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Starbucks shopper shares infuriating experience after attempting to use reusable cup: 'Are you serious?'

"… it's not busy at all."

"… it’s not busy at all."

Photo Credit: iStock

If you're a regular at Starbucks, you've probably heard about the reusable cup program it launched in 2022 in an effort to reduce plastic waste and become more "planet positive." 

When customers bring in a clean personal cup, they can get $0.10 off their order, and Starbucks Rewards members can get an extra 25 Bonus Stars. 

But when one customer brought their reusable cup to the coffee chain, they were met with only disappointment — and then took to the r/mildlyinfuriating subreddit to share their experience

They expected their barista to simply pour the drink from a shaker into the reusable cup. But instead, they made the coffee in a disposable plastic cup, transferred it to the customer's thermos, and threw out the plastic cup. Sadly, this defeats the whole purpose of the program, even though it was likely an honest mistake.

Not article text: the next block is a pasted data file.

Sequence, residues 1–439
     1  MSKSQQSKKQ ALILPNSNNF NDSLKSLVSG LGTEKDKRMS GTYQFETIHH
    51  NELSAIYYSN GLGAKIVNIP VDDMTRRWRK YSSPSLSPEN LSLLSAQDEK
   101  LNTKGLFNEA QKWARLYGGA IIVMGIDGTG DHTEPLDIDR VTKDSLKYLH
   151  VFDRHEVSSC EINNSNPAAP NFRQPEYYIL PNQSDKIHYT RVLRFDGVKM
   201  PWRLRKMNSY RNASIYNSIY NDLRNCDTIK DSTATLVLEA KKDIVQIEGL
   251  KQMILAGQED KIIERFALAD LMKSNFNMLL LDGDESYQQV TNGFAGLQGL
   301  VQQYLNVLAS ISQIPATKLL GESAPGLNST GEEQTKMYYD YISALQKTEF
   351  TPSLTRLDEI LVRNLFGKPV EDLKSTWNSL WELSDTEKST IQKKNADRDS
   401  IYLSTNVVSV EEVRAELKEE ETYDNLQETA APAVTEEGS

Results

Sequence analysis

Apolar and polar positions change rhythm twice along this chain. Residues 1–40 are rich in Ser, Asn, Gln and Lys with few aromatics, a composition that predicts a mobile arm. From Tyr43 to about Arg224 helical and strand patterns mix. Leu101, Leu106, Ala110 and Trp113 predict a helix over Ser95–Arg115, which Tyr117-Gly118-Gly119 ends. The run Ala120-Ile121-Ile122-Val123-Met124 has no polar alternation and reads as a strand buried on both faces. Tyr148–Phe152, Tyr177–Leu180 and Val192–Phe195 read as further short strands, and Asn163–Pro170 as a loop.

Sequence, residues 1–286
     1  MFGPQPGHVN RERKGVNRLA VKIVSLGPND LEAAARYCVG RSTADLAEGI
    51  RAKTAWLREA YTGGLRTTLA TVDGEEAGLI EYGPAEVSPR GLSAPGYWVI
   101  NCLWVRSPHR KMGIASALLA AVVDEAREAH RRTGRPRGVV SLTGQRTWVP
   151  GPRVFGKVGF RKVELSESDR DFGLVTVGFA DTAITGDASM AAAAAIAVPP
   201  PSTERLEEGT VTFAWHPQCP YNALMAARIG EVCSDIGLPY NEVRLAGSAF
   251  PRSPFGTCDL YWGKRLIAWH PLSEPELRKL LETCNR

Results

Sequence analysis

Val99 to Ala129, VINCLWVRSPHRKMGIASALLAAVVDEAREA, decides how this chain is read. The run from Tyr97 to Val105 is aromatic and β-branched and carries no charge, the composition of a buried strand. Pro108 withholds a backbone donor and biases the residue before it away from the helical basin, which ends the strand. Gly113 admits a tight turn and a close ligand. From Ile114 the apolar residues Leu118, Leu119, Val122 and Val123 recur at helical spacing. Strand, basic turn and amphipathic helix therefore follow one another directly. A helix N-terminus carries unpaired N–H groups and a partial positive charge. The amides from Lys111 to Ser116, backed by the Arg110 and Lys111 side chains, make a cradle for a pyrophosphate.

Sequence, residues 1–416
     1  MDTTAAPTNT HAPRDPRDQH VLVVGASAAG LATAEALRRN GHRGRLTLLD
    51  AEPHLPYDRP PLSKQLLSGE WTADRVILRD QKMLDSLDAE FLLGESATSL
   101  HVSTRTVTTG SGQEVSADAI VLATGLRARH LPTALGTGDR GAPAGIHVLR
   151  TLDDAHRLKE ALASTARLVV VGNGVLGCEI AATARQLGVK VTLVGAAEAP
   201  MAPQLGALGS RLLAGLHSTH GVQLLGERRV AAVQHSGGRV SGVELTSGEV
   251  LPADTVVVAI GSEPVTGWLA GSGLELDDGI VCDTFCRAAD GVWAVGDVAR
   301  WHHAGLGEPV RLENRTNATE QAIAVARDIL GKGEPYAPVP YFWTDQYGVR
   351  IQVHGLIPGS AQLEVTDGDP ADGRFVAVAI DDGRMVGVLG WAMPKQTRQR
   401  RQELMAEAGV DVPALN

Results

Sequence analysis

"Like are you serious? Mind you there is 2 or 3 people in the store … it's not busy at all. Why even try and participate in their stupid reusable cup initiative when employees do stuff like this? Why even try to use less plastic when s*** like this happens???" the Reddit poster asked, clearly aggravated about the situation. 

"It was just negligence, because when I've gone to other starbucks stores they put the sticker right on the cup and then pour it from the shaker in there," they said in a later comment. 

Besides purchasing a reusable cup or thermos, consumers can also reduce plastic waste by recycling certain items such as soda bottles. Buying reusable products like metal razors and canvas grocery bags can cut your pollution footprint — and monthly expenses — as well. 

Despite the mishap, it seems Starbucks is on the right track to becoming more sustainable, as it has a goal of cutting its waste footprint in half by 2030. But it will have to find alternatives for more than just disposable cups to meet that goal.

A former Starbucks employee commented on the thread, shedding light on the company's plastic waste problem: "Talk to the GMs, I use to work there and it's absolutely insane … not only that but how wasteful and so much plastic every fast food place goes through."

Another commenter echoed their sentiment, writing: "Wait until you realize every single food item is individually wrapped in plastic. Every loaf slice, every croissant, every sandwich, every cake pop, etc."

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